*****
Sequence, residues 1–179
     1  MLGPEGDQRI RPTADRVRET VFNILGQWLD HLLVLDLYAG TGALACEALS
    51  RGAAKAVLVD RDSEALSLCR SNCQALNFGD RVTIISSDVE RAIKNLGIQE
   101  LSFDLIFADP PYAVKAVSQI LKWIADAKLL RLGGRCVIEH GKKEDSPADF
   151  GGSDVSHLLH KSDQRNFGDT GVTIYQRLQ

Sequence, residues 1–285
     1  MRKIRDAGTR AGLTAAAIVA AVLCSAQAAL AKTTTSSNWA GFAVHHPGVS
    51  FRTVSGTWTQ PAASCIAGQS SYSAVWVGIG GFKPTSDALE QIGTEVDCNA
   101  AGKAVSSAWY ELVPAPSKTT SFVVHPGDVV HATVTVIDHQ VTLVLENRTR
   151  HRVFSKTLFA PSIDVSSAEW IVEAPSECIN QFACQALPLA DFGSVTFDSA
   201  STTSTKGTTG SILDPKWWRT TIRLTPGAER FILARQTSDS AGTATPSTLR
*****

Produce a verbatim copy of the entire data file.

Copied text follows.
Sequence, residues 1–179
     1  MLGPEGDQRI RPTADRVRET VFNILGQWLD HLLVLDLYAG TGALACEALS
    51  RGAAKAVLVD RDSEALSLCR SNCQALNFGD RVTIISSDVE RAIKNLGIQE
   101  LSFDLIFADP PYAVKAVSQI LKWIADAKLL RLGGRCVIEH GKKEDSPADF
   151  GGSDVSHLLH KSDQRNFGDT GVTIYQRLQ

Sequence, residues 1–285
     1  MRKIRDAGTR AGLTAAAIVA AVLCSAQAAL AKTTTSSNWA GFAVHHPGVS
    51  FRTVSGTWTQ PAASCIAGQS SYSAVWVGIG GFKPTSDALE QIGTEVDCNA
   101  AGKAVSSAWY ELVPAPSKTT SFVVHPGDVV HATVTVIDHQ VTLVLENRTR
   151  HRVFSKTLFA PSIDVSSAEW IVEAPSECIN QFACQALPLA DFGSVTFDSA
   201  STTSTKGTTG SILDPKWWRT TIRLTPGAER FILARQTSDS AGTATPSTLR